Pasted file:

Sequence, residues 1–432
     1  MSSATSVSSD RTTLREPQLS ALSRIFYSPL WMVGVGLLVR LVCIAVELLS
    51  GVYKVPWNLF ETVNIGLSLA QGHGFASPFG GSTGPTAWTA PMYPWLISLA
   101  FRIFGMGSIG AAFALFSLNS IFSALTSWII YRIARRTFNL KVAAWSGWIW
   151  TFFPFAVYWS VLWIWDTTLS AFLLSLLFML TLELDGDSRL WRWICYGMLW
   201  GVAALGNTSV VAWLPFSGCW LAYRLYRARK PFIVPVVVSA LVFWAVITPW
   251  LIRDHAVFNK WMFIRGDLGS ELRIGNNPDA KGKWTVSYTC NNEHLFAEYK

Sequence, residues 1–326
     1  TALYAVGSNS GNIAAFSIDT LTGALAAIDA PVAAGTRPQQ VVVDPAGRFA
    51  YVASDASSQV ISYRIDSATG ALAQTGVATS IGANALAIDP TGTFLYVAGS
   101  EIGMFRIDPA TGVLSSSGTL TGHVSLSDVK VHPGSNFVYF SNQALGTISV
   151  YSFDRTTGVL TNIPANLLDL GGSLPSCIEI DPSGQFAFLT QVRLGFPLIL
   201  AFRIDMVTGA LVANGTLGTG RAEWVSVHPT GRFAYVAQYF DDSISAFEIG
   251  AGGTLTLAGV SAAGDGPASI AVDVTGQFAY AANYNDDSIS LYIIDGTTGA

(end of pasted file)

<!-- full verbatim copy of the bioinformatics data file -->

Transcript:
Sequence, residues 1–432
     1  MSSATSVSSD RTTLREPQLS ALSRIFYSPL WMVGVGLLVR LVCIAVELLS
    51  GVYKVPWNLF ETVNIGLSLA QGHGFASPFG GSTGPTAWTA PMYPWLISLA
   101  FRIFGMGSIG AAFALFSLNS IFSALTSWII YRIARRTFNL KVAAWSGWIW
   151  TFFPFAVYWS VLWIWDTTLS AFLLSLLFML TLELDGDSRL WRWICYGMLW
   201  GVAALGNTSV VAWLPFSGCW LAYRLYRARK PFIVPVVVSA LVFWAVITPW
   251  LIRDHAVFNK WMFIRGDLGS ELRIGNNPDA KGKWTVSYTC NNEHLFAEYK

Sequence, residues 1–326
     1  TALYAVGSNS GNIAAFSIDT LTGALAAIDA PVAAGTRPQQ VVVDPAGRFA
    51  YVASDASSQV ISYRIDSATG ALAQTGVATS IGANALAIDP TGTFLYVAGS
   101  EIGMFRIDPA TGVLSSSGTL TGHVSLSDVK VHPGSNFVYF SNQALGTISV
   151  YSFDRTTGVL TNIPANLLDL GGSLPSCIEI DPSGQFAFLT QVRLGFPLIL
   201  AFRIDMVTGA LVANGTLGTG RAEWVSVHPT GRFAYVAQYF DDSISAFEIG
   251  AGGTLTLAGV SAAGDGPASI AVDVTGQFAY AANYNDDSIS LYIIDGTTGA